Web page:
Being present that night, sharing in such a traumatic experience with a stranger, gave me a different perspective altogether when dealing with my own rounds with depression from that point forward.  In typical Amanda fashion, I ended up binge watching 13 Reasons Why and it made me think about my reasons for wanting to end it all in the past, and looking back, it’s clear to me now that my reasons for living outweighed the list of negatives in my life.  Sometimes, it can be really, really difficult to think of even one thing worth living for when you’re in the thick of the soul sucking monster that is depression, so I’ve made a list in case you’re currently in that situation.

Here are 5 reasons to live:

  1. The Future
    Here’s the thing about all of my bouts with depression: they got better.  I hate to think about everything I would’ve never experienced had I ended my own life when the thought originally occurred to me.  I graduated high school as a valedictorian, a lifelong goal at that point.  I graduated college with honors.  I met the love of my life, gave birth to a beautiful baby girl who thinks the sun rises & sets with me, and I have an amazing job doing what I love.  I’ve held my best friend’s firstborn, stood next to her at her wedding, celebrated multiple births in my family and several birthdays.  I’ve taken trips, saw George Jones at his very last concert, flew for the first time, and laughed until I cried instead of crying myself to sleep.  If it seems like you just can’t go on, give it another day.  And then the day after that.  Eventually, things will improve, even if you can’t fathom the possibility.
  2. Your Testimony
    You know what happens when you’re open about your own struggles?  You open the discussion about things that NEED to be discussed and you help others overcome the same struggles.  Instead of being another tragedy, you can be an inspiration to someone else who is struggling to keep their head above water. As someone who has dealt with depression in many forms in the past, I wouldn’t wish it on my worst enemy and I would much rather be their inspiration to keep going.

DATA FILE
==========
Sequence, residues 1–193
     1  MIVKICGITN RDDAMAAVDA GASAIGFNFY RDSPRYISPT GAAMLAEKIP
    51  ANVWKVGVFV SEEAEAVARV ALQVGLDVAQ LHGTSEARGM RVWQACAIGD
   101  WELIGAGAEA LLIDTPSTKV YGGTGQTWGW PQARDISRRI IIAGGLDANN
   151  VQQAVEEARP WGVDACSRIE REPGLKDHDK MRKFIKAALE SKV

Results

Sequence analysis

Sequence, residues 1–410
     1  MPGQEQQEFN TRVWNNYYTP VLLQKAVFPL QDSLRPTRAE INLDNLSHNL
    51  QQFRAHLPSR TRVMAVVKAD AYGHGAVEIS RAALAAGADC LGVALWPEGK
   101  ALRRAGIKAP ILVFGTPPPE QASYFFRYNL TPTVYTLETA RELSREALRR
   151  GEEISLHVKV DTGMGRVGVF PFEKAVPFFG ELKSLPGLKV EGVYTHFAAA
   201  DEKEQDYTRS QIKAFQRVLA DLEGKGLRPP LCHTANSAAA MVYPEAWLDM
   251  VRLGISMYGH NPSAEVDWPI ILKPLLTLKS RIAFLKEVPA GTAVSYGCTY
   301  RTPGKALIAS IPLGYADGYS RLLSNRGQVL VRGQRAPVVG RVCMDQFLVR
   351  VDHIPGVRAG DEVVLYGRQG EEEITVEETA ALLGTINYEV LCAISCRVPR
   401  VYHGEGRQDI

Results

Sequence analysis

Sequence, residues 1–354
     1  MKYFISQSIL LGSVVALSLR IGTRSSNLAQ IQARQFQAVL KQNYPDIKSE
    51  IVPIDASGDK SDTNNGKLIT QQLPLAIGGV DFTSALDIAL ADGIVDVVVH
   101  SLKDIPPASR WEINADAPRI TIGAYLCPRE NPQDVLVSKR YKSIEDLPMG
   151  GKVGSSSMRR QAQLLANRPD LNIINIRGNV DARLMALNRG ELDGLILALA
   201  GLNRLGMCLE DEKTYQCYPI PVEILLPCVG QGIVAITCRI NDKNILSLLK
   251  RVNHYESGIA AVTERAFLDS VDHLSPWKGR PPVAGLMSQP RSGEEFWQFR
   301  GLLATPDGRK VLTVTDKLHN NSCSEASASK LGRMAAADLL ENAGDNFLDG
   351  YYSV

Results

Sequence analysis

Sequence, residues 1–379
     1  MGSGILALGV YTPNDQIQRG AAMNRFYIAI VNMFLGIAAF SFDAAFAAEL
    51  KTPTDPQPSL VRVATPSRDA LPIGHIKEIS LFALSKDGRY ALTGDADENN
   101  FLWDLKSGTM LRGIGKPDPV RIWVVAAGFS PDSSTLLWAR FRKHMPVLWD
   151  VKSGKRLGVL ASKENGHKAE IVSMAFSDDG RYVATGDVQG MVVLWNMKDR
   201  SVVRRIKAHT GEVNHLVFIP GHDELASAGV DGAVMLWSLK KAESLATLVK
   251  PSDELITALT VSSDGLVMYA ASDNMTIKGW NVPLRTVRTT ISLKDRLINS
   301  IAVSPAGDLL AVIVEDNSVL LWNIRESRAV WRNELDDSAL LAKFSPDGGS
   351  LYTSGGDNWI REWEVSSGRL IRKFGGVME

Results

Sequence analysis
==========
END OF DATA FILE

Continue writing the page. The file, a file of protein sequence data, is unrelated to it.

3. The Poor Soul Who Finds You
    The scene in 13 Reasons Why during which Hannah’s parents find her lifeless body absolutely broke me.  I found myself crying hysterically along with her mother because I could empathize with her.  How would I feel if I found my own daughter, my pride and joy, in a pool of her own blood because she felt her life was worthless and she didn’t have any other way out?  How would I feel about my mother finding my body?  What about a stranger whose life is forever changed in the worst way because of a decision you made?  I have the unique perspective of someone who has both contemplated suicide and witnessed a suicide attempt.  I can tell you that the man’s suicide attempt shook me for more than just a couple of days. I thought of him and his family everyday for the longest time, and even though it’s been 2 years, I still think of him and that night often.  And I didn’t even know him.  And he lived.  Imagine if things had been slightly different.
  4. Your Life Has Value
    I know it may not feel like it, I’ve been there, but your existence is a good thing.  If you feel like you aren’t contributing anything by being on the planet, change it and not by choosing suicide.  Sign up to be a bone marrow donor and save a life instead of taking yours.  Volunteer at a local nursing home and hear stories of how life is full to the very end.  Help out at an animal shelter and spend some quality time with a furbaby who definitely appreciates you and your presence.  The list goes on and on.  You matter, you are worthy, and you belong here!
  5. You Will Be Missed
    Robin Williams, Kurt Cobain, Ernest Hemingway, Alexander McQueen.  Do you really think the world is a better place without them?  Yeah, me neither.  I knew none of those men,  but their deaths still sadden me.  Why would you ever want to inflict the same pain you’ve been experiencing on someone else?

Help is out there, people care, there is hope and I’m living proof.
Your story isn’t over yet:

National Suicide Prevention Hotline: 1-800-273-8255
Project Semicolon
You can even email me if you need someone to talk to: marriedwithfurchildren@gmail.com


Child-like Faith

While I was pregnant with Ellie, I heard countless cliches about pregnancy and parenting, and some of them hit home a little more than others.  This week, while Ellie was throwing a fit because I’d taken something away from her, I was reminded of this particular bit of insight from some of our church family: “Being a parent gives you a whole new perspective on God’s love for us.  It gets you a little bit closer to fully understanding it.”

Once I remembered our friend saying that, I made a list of the other times it clicked with me that day alone and I’m basing this post on said list.  I can only imagine how long it would’ve been if I had been keeping a list from the beginning!